JE: I’m very driven by the incredible number of people who have devoted their lives to this, often making sacrifices along the way. I feel like I’m coming to this beat at a particularly inspiring time and it’s a privilege to be able to tell the stories of these food heroes’ impact.

FT: What’s the biggest problem within the food system our parents and grandparents didn't have to deal with?

JE: To be honest, I think there is a certain amount of romanticizing that takes place when we talk about the food systems our parents and grandparents grew up with that isn’t entirely accurate. That said, there are problems that appear to be unique to our time when it comes to the influence that junk food and soda industries are able to have on our overall wellbeing and health. I also feel that the advent of social media and blogging has, unfortunately, made it very easy to spread misinformation about food and health, just as it has made it easier to spread actually helpful information. It’s a double-edged sword, of course.

FT: What’s the first, most pressing issue you’d like to see solved within the food system?

JE: Hunger, no doubt.

FT: What is one small change every person can make in their daily lives to make a big difference?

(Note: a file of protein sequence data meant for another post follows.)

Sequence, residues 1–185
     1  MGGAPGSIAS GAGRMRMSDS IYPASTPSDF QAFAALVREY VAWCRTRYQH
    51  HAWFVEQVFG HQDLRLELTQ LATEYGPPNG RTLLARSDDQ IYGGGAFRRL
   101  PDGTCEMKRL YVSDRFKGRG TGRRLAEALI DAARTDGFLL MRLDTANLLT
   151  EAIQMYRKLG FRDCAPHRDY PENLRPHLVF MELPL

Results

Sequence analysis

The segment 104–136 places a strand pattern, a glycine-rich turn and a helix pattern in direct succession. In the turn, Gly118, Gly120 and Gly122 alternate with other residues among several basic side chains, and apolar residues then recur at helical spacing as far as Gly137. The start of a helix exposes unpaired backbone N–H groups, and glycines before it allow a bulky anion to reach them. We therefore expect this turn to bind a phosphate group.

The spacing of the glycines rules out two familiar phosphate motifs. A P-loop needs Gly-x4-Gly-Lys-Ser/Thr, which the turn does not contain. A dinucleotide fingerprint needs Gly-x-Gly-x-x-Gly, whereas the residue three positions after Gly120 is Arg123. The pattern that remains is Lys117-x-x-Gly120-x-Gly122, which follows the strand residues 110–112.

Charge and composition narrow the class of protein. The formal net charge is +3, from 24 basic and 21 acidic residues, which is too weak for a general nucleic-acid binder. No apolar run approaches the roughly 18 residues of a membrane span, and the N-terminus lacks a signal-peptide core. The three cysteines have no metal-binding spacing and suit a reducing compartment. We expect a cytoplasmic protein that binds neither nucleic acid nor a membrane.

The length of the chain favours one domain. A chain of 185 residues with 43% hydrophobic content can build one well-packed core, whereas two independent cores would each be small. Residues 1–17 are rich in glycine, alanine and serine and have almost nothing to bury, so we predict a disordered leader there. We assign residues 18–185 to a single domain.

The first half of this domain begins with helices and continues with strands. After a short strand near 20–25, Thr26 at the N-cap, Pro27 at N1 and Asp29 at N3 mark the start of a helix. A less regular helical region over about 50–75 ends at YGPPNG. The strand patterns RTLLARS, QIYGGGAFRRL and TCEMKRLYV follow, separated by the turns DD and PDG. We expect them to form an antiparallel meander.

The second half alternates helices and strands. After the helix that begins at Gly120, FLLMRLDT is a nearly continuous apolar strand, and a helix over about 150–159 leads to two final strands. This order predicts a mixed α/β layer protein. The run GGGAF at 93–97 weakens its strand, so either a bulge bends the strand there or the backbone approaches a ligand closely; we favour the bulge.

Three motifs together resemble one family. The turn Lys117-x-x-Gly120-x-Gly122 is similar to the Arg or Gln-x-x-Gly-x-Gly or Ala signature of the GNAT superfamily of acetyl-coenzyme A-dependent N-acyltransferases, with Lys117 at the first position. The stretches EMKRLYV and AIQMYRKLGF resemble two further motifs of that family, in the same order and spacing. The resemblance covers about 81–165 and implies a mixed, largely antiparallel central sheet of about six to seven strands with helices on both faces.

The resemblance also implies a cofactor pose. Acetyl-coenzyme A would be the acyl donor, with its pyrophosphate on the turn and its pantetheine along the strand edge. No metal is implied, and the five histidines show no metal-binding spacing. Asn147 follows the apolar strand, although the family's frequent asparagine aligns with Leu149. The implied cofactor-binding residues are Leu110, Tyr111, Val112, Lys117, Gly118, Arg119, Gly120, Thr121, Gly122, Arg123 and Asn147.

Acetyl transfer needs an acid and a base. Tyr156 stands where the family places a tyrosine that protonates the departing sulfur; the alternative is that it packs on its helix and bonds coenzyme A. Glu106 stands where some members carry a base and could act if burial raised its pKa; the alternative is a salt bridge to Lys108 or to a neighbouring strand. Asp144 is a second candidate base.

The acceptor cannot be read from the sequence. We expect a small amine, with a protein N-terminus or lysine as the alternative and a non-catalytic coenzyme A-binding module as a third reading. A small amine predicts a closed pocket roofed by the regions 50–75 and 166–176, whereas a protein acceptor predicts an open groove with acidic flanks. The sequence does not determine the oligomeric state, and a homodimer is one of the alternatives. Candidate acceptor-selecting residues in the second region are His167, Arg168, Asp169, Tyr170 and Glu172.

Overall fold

JE: This isn’t a very exciting or “sexy” answer but, honestly: Just get into the kitchen already and start cooking your own food. Look up recipes and try new things, especially those involving fresh fruits and vegetables. Plan your meals so that you waste less of the food you buy. Invite your friends over for a dinner party, a chili cook-off, or a casserole contest. If we all made this simple change I think, by and large, we would be healthier, happier, and we would also have more money in our wallets.

FT: What’s one issue within the food system you’d like to see completely solved for the next generation?

JE: Again, hunger.

FT: What agricultural issue would you like for the next president of the United States to immediately address?

JE: I would definitely like to hear an answer to the question of what changes will be made to farm subsidies in the future. Will we take steps to encourage more biodiversity beyond wheat, corn, and soybeans? And what about smaller farmers, particularly organic farmers? And how are we looking to the future with how we are crafting these subsidies? All signs point to it being a very different planet 50 years from now, so I would like to hear how that is being taken into account.


Buy your tickets today. We're offering $100 off in August—use "ChiEarlyBird" at checkout. 

To find out more about the event, see the full list of speakers, and purchase tickets, please click HERE. Interested participants who cannot join can also sign up for the live-stream HERE.

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Sponsors for this year's Food Tank Summit in Chicago include: Almond Board of California, Annie’s Inc., Barilla Center for Food and Nutrition, Blue Apron, Booth School of Business at the University of Chicago, Chicago Council on Global Affairs, Clif Bar & Company, Driscoll's, Elevation Burger, Farmer’s Fridge, Food and Environment Reporting Network, Inter Press Service (IPS), Niman Ranch, and Organic Valley. More to be announced soon.